In a different way, Orsenna also remarks on French society with his Grand amour, a somewhat fictionalized autobiographical novel about his years working as a speech writer. The "amour" he speaks of is the excitement one gets in working a job that is so closely associated with a world leader. As John Weightman put it in a Times Literary Supplement review: "His main theme is that proximity to power creates an intense erotic excitement, to which he himself was far from immune." Also, as Lucia di Benedetto related in her French Review assessment of the novel: "On one level, this novel satirizes the President of France and his oppressive egotism, the manipulative power of the media, and an era that no longer reveres words." Di Benedetto added: "On a deeper level, there also makes itself felt a sense of nostalgia, if not delusion," about being paid for a job that let him pursue his interest in words and their power.
While most of his writings pursue satire and comedy more subtly, with Histoire du monde en neuf guitares(History of the World in Nine Guitars) Orsenna lets his fantasies run wild as he writes an ode to the musical instrument described as a novel in which all sorts of musicians, including Jimi Hendrix, Eric Clapton, and John Lennon, make an appearance. Michael Salkind in the Bloomsbury Review described the odd book as "a fun and quick paean to the guitar [that] … works well." Booklist contributor Ray Olson was enthusiastic about the book, praising it as "a legend about the power of music, man!"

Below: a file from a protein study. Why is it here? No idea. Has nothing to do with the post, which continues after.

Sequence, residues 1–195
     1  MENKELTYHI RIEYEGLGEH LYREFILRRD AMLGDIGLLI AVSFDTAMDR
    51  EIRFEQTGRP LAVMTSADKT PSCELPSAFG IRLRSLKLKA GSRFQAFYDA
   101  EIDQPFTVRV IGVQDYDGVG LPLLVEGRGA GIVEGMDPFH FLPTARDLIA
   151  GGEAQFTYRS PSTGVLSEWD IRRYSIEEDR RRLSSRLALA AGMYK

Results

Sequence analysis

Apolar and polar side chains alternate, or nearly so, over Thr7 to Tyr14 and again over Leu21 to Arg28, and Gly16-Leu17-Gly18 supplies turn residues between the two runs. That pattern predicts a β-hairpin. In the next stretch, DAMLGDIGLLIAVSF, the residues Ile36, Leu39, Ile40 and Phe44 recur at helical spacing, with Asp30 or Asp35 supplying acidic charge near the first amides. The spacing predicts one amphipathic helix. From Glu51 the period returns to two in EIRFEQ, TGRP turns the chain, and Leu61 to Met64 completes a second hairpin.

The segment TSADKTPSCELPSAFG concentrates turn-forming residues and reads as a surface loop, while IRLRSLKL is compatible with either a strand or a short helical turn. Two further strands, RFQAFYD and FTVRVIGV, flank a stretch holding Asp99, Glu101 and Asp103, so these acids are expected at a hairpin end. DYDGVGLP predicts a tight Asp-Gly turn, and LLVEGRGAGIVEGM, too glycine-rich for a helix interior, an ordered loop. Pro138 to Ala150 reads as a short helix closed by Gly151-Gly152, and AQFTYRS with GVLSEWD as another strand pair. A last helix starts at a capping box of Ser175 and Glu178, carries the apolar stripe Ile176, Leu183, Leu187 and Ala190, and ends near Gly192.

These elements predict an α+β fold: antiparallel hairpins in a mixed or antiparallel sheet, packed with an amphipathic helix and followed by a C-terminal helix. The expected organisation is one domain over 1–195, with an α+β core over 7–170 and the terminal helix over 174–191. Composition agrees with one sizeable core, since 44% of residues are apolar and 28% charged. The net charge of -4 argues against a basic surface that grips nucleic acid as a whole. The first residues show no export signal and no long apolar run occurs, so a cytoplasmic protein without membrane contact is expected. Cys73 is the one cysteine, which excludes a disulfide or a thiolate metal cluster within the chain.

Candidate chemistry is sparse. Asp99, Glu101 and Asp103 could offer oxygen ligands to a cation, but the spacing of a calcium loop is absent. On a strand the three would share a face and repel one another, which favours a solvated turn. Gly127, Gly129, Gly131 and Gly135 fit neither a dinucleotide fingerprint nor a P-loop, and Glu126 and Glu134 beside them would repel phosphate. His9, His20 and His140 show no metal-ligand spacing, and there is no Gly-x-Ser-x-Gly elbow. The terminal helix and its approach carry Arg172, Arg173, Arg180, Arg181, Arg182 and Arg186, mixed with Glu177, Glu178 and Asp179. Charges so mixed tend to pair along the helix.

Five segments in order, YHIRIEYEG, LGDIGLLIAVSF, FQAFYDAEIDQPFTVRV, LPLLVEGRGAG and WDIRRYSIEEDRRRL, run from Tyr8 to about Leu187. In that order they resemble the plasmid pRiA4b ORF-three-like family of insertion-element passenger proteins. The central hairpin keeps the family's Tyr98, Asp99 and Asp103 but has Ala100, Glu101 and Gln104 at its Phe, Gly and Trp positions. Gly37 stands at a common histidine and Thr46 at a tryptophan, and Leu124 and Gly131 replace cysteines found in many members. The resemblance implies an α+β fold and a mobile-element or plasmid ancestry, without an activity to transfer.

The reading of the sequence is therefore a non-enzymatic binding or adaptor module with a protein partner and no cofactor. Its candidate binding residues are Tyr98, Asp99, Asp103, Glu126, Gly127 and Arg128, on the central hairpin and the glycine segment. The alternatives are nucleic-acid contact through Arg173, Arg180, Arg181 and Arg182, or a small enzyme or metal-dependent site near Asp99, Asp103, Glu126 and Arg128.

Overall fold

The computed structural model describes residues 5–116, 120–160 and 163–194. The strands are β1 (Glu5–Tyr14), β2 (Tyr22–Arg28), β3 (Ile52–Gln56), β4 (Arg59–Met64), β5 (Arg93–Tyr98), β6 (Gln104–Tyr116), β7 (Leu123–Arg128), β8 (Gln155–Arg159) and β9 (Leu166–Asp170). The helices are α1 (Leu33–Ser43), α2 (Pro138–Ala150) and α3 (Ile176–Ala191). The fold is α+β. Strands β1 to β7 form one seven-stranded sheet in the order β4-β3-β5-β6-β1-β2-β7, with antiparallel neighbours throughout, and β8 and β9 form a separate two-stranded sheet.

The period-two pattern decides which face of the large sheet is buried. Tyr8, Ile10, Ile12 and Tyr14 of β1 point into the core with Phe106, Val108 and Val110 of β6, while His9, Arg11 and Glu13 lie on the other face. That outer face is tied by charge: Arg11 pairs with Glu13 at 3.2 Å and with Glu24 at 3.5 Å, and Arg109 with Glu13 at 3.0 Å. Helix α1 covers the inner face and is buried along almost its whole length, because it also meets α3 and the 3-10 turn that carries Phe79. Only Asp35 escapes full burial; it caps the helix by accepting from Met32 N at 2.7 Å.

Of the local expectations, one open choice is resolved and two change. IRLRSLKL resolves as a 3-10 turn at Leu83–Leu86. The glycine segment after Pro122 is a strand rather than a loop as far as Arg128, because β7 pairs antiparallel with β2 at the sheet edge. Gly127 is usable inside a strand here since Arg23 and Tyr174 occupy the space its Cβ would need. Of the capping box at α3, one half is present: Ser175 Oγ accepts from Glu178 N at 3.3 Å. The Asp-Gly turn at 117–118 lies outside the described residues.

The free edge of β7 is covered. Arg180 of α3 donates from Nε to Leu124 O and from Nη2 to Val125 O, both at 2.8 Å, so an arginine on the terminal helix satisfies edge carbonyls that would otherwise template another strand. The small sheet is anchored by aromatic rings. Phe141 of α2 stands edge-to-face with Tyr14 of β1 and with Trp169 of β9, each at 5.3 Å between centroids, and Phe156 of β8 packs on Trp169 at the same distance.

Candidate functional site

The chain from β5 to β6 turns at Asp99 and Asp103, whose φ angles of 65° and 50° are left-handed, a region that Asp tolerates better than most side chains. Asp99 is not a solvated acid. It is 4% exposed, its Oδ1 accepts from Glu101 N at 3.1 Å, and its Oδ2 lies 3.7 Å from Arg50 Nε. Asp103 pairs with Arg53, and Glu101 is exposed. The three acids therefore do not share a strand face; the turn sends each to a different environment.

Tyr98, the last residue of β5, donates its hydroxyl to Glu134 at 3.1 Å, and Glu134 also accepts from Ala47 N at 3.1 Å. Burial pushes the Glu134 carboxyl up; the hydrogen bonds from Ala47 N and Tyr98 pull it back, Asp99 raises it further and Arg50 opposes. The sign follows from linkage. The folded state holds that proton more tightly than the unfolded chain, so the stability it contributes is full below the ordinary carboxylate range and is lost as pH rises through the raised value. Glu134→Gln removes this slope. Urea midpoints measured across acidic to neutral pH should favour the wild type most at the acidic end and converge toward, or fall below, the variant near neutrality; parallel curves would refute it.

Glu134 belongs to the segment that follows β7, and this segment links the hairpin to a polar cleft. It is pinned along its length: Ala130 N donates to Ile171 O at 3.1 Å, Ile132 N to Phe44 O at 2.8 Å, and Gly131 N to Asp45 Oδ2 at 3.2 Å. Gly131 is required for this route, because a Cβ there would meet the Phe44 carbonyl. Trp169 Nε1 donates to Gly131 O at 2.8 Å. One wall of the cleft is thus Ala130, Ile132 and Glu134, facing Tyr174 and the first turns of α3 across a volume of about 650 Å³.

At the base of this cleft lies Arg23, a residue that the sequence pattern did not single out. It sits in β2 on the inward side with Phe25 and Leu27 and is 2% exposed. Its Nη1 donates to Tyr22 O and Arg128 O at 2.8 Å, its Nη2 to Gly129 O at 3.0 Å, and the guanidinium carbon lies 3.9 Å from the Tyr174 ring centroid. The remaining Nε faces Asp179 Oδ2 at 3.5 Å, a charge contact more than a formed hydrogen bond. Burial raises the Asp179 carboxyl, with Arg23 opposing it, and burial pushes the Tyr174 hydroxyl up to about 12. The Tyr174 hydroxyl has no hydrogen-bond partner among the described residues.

Orsenna has also written nonfiction works, including travel, histories, and biography. Among his other works to be translated into English is André Le Nôtre: Gardener to the Sun King, which discusses the famous gardener who planned the landscaping around the palace of Versailles. "Orsenna, enamored by his surroundings and beguiled by the man who so many years ago devoted his life to them, offers an engaging tour," concluded a Publishers Weekly critic.
BIOGRAPHICAL AND CRITICAL SOURCES:
Atlantic, July, 1991, Phoebe-Lou Adams, review ofLove and Empire, p. 112.
Bloomsbury Review, November, 1999, Michael Salkind, review of History of the World in Nine Guitars, p. 22.
Booklist, August, 1999, Ray Olson, review of History of the World in Nine Guitars, p. 2022.
Economist, March 21, 1981, "French Books: Unhappy Families," review of Une comédie française,p. 107.
French Review, October, 1990, William Cloonan, review of L'Exposition coloniale, p. 208; May, 1995, Lucia di Benedetto, review of Grand amour,pp. 1124-1125.
Kirkus Reviews, March 15, 2004, review of Grammar Is a Gentle, Sweet Song, p. 247.
Library Journal, May 15, 2004, Ann H. Fisher, review of Grammar Is a Gentle, Sweet Song, p. 116.
New Statesman and Society, February 7, 1992, Guy Mannes-Abbott, "Bounciness, Not Dialectic," review of Love and Empire, p. 38.
Publishers Weekly, May 17, 1991, review of Love and Empire, p. 52; June 21, 1999, review of History of the World in Nine Guitars, p. 59; July 16, 2001, review of André Le Nôtre: Gardener to the Sun King, p. 174; April 19, 2004, review of Grammar Is a Gentle, Sweet Song, p. 39.
Spectator, December 10, 1988, Anita Brookner, "Prize-winning Novels from France," review ofL'Exposition coloniale, pp. 39-40.
Times Literary Supplement, December 16, 1988, Barbara Wright, "Passion on the Rebound," review of L'Exposition coloniale, p. 1404; February 14, 1992, Barbara Wright, "Countin on Comte," review of Love and Empire, p. 24; January 28, 1994, John Weightman, "A Ghost at Court," review of Grand amour, p. 21.